Equipment for general lighting purposes EMC immunity requirements.
Limits and methods of measurement of radio disturbance characteristics of electrical lighting and similar equipment
applies to the emission (radiated and conducted) of radio frequency disturbances from
- lighting equipment
- the lighting part of multi-function equipment where this lighting part is a primary function
- UV and IR radiation equipment for residential and non-industrial applications
- advertising signs
- decorative lighting
- emergency signs
What is EMC/EMI ?
EMI/EMC testing is a critical step in bringing a new product to market. Electromagnetic compatibility is the ability of electrical equipment and systems to function acceptably in their electromagnetic environment, similarly Emissions testing – measures the amount of electromagnetic noise generated by the device during normal operation. The purpose of these tests is to ensure that any emission from the device are below the relevant limits defined for that type of device.
What is the need of EMC/EMI Testing ?
The purpose of this EMC/EMI Testing is to Evaluate/Ensure that your product is capable to perform well without loosing its intended function in the presence of Electromagnetic Energy & It doesn’t emit a large amount of electromagnetic inference.
Major Product covered under IEC 61547:2020 & CISPR 15:2018
- Entertainment lighting.
- Advertising signs
- Decorative lighting;
- Emergency signs
- UV and IR radiation
- Lighting Equipment
- Rope Light
Name of Test under IEC 61547:2020 (Immunity)
|1.||Enclosure||Electrostatic Discharge||IEC 61000-4-2:2008|
|2.||Enclosure||Radio Frequency Electromagnetic Fields||IEC 61000-4-3:2020|
|3.||Enclosure||Power Frequency Magnetic Fields||IEC 61000-4-8:2009|
|4.||Signal/control and load||Electric Fast Transients||IEC 61000-4-4:2012|
|5.||AC power||Electric Fast Transients||IEC 61000-4-4:2012|
|6.||DC power||Electric Fast Transients||IEC 61000-4-4:2012|
|7.||Signal/control and load||Immunity to Conducted Disturbances||IEC 61000-4-6:2013|
|8.||AC power||Immunity to Conducted Disturbances||IEC 61000-4-6:2013|
|9.||DC power||Immunity to Conducted Disturbances||IEC 61000-4-6:2013|
|10.||AC power||Surge Immunity||IEC 61000-4-5:2017|
|11.||AC power||Voltage Dips||IEC 61000-4-11:2020|
|12.||AC power||Voltage Short Interruptions||IEC 61000-4-11:2020|
Evaluation of Test Results/Pass/Fail Criteria
To evaluate whether the product passes or fails in EMC immunity test, we need to monitor the equipment during and after each test and watch for any changes to the behavior or operation. The performance of the product usually falls into categories A,B,C and D.
The following four categories of performance criteria apply:-
Performance Criteria A:- That means the product performs normally and within specifications that specify, usually in the product manual, during and after the test. So essentially nothing bad happened to the product during or after the test.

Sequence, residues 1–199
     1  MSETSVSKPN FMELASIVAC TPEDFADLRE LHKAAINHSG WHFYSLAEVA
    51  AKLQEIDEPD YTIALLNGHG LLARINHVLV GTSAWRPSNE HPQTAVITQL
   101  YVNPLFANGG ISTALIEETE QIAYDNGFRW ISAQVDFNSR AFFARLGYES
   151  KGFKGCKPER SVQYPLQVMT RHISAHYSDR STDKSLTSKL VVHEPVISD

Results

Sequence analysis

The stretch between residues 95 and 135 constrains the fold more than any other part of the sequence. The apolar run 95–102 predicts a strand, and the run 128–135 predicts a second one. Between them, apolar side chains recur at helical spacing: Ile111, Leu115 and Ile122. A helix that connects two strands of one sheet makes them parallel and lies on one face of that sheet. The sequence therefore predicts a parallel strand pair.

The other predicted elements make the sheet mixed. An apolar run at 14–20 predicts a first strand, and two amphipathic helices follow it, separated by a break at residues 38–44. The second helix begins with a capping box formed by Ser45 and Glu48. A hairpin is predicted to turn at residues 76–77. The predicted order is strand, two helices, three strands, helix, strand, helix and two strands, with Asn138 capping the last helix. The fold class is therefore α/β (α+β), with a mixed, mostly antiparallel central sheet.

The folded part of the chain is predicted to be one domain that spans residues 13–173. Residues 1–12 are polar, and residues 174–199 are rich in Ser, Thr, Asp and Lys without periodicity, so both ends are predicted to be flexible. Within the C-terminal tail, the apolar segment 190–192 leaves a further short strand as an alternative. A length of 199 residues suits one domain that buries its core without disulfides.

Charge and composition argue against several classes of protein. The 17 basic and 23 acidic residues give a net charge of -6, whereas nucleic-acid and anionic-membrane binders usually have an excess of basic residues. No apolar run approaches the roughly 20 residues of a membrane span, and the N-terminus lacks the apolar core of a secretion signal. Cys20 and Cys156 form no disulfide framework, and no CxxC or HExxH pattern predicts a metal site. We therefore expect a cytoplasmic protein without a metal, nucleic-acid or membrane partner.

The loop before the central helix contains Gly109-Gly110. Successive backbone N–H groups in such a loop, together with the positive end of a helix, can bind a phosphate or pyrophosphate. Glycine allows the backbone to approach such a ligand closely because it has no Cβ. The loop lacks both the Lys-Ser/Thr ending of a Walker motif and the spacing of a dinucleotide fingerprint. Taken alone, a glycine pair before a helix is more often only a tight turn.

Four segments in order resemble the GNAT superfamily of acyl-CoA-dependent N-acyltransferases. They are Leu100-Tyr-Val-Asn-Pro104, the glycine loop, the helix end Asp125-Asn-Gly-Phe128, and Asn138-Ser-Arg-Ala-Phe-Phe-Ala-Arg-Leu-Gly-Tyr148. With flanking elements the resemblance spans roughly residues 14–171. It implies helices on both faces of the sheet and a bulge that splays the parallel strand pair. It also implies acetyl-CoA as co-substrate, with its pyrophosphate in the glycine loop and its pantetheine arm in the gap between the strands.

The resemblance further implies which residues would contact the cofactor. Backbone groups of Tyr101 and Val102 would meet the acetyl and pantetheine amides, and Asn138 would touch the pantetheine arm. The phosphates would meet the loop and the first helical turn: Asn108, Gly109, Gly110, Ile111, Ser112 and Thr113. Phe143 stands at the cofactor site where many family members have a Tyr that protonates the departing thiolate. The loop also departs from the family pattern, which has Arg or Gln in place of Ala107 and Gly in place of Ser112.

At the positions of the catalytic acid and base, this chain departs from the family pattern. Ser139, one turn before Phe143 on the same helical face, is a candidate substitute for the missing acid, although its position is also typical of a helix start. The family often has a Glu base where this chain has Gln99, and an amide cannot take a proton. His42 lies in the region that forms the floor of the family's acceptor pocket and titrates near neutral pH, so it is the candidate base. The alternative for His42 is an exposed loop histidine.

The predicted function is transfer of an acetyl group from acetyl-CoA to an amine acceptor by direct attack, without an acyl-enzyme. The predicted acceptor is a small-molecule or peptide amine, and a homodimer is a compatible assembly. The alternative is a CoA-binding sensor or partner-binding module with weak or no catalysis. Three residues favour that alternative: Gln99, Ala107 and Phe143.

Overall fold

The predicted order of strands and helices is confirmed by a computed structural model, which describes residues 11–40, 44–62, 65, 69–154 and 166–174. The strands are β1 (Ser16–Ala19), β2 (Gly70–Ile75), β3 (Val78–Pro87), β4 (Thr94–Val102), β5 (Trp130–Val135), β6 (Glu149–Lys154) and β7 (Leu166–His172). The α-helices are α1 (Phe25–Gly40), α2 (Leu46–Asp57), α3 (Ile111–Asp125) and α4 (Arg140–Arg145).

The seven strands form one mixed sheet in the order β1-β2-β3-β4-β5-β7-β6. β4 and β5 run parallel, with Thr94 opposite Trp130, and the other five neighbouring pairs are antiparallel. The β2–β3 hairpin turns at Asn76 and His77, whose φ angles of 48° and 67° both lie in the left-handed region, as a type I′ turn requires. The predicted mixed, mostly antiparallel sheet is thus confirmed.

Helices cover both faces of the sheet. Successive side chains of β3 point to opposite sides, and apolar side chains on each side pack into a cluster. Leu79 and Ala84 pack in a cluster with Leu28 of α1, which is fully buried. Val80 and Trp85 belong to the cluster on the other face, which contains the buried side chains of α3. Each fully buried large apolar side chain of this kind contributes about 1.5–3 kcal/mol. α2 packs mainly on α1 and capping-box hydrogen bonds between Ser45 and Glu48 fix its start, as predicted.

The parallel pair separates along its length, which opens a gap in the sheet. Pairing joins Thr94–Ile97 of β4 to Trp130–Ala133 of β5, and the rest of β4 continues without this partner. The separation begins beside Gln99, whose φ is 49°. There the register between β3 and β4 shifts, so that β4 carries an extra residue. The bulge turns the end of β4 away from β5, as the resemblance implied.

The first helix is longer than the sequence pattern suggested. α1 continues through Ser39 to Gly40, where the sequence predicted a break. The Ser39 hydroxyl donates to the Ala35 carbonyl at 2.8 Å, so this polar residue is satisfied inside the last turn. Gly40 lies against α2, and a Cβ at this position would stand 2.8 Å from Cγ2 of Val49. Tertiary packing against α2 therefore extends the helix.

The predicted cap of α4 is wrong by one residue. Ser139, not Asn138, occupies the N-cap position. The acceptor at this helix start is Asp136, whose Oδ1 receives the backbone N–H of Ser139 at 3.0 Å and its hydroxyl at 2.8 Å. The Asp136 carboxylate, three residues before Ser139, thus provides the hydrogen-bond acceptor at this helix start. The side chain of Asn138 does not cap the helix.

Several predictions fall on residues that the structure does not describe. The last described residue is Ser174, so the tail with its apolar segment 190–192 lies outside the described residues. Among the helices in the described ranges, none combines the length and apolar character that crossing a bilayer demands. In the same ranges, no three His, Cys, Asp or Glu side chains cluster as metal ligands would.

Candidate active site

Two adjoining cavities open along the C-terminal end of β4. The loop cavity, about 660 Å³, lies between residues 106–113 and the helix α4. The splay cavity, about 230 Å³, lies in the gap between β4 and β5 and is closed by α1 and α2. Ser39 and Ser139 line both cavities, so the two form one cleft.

Performance Criteria B:- The product may have had a temporary loss of function or degradation of performance which ceases after the applied disturbance ceases. So after the test finishes, the equipment under test recovers its normal performance without operator intervention. That just means that the operator didn’t have to do anything to get it back into a mode that it was in before the test started.
Performance Criteria C:- Is the same as B, but you’re allowed operator intervention as well.
So maybe you have to power the device back on. Maybe the EMC phenomena reset the device and you need to power it back on manually.
Performance Criteria D:- Is that there’s a loss of function or degradation of performance which is not recoverable, owing to damage to hardware of software or loss of data. So basically in some way the test has trashed the product. It might have fried some components or caused corruption of some data.
What is Conducted Emissions Testing?
The device creates electromagnetic energy and a certain portion of it will be conducted onto the power supply cord. In order to restrict the amount of interference your device can couple back onto a power supply, test labs measure these emissions (usually from 9 kHz – 30 MHz), and verify that they comply with specified limits. This helps to ensure that the local power supply remains relatively ‘clean’ and nearby devices won’t be affected by your device.
Major Equipment Used for Conducted Emissions Testing
- Line Impedance Stabilization Network (LISN)
- EMI Test Receiver
- RF Cable
Limits and Methods for the Assessment of Wired Network Ports
Electric power supply interface
The limits and measurement method for the assessment of conducted disturbance voltages at the AC or DC electric power supply interface terminals for the frequency range 9 kHz to 30 MHz are given in Table 1.
Equipment under test configuration
Typical Test Setup
What is Radiated Emissions Testing?
Radiated emissions testing involves measuring the electromagnetic field strength of the emissions that are unintentionally generated by the product into the air.
Types of Radiated Emissions Test Sites
- Open Area Test Site (OATS)
- Semi An echoic Chamber
- Fully An echoic Chamber
Major Equipment Used for Radiated Emissions Testing
- Loop Antenna
- Spectrum Analyser
Limits and Methods for the Assessment of the Enclosure Port
- Enclosure port
Radiated-field disturbance limits in the frequency range of 9 kHz to 30 MHz.
Radiated-field disturbance limits in the frequency range 30 MHz to 1 GHz.
Equipment under test configuration.